Liberia: IG Coleman to Make LNP Robust Again

Police IG Gregory Coleman

Promises to revisit unresolved criminal cases in recent years

The Liberia National Police (LNP) has initiated an ambitious investigative initiative to bring to book perpetrators of crimes committed in recent years that were unresolved and inconclusive. The LNP is also strategizing how to combat the wave of crimes that have taken place across the country in recent times, especially prior to the ascendency of the Unity party-led government.

Against this backdrop, Police Chief Gregory Coleman has launched an unprecedented crackdown on crime, aligned with President Boakai’s promise to uphold justice and the rule of law. Coleman’s latest efforts aim to solve cold cases and tackle the increasing crime rates in the country.

The initiative has highlighted long-standing unresolved cases like the Odell Sherman Case, Princess Cooper Case, and other mysterious deaths, signifying a shift towards transparency and accountability within the Liberian National Police.

Coleman emphasized the establishment of a case e-file unit to revisit pending investigations, providing closure and justice to affected families.

“I’m pleased to announce to the public that the LNP has set up a whole Case e-file unit. And we’re opening all of those investigations that are still pending, to be able to give some closure to the family and to give them justice,” Coleman said at a press conference last week.

He also disclosed that specialized units have swiftly delved into significant incidents, such as the discovery of arms in the Free Port of Monrovia and Brewerville.

While specific details remain undisclosed, the focus on thorough investigation indicates a commitment to effective law enforcement. The Inspector General called for the cooperation of the public, underscoring the government’s emphasis on inclusivity in the quest for justice.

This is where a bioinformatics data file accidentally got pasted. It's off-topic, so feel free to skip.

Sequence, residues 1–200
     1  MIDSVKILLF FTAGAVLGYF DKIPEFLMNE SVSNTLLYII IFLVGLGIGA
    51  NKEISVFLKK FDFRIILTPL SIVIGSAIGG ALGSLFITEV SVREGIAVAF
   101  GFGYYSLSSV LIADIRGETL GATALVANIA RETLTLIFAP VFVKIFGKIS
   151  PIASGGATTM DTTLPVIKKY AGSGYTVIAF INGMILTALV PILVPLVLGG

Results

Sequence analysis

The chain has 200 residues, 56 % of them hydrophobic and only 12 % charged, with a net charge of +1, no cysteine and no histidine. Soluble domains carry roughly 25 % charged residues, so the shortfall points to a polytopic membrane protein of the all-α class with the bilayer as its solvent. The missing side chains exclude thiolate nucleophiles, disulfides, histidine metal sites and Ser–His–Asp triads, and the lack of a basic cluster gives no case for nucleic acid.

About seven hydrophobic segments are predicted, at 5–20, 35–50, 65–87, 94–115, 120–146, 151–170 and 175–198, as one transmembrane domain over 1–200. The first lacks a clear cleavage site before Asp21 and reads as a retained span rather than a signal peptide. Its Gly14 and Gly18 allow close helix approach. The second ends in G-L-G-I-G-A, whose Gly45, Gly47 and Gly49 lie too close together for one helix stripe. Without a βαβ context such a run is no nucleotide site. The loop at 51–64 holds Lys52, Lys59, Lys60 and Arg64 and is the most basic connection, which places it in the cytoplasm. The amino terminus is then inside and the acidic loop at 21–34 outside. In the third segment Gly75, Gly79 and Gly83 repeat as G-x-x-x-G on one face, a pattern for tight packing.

Individuals holding information on inadequately investigated cases are encouraged to step forward, fostering a culture of shared responsibility.

Addressing the surge in crime during transitional periods, Coleman assured the public of the police force’s unwavering commitment to combating criminal activities. Measures such as proactive engagement, intelligence utilization, and targeted operations, he said, have shown positive outcomes in controlling armed robbery.

“We remain within our use of force continuum, but we will be aggressively engaging in the issue of crime,” he said.

However, challenges persist, particularly in curbing the rise of motorcycle theft. The police force seeks public collaboration to address this specific issue, highlighting the importance of a joint effort in tackling crime intricacies.

As Liberia enters a transformative phase in law enforcement, Inspector General Coleman’s initiatives mark a significant step towards addressing long-standing issues and asserting the government's stance against past challenges.

The public eagerly awaits updates on ongoing investigations, holding hopes for a safer and more just Liberia, aligning with President Boakai’s vision. Coleman’s proactive measures, however, signify a crucial juncture in Liberia’s policing history, promising a future where justice prevails, and fostering renewed confidence in the nation’s law enforcement agencies.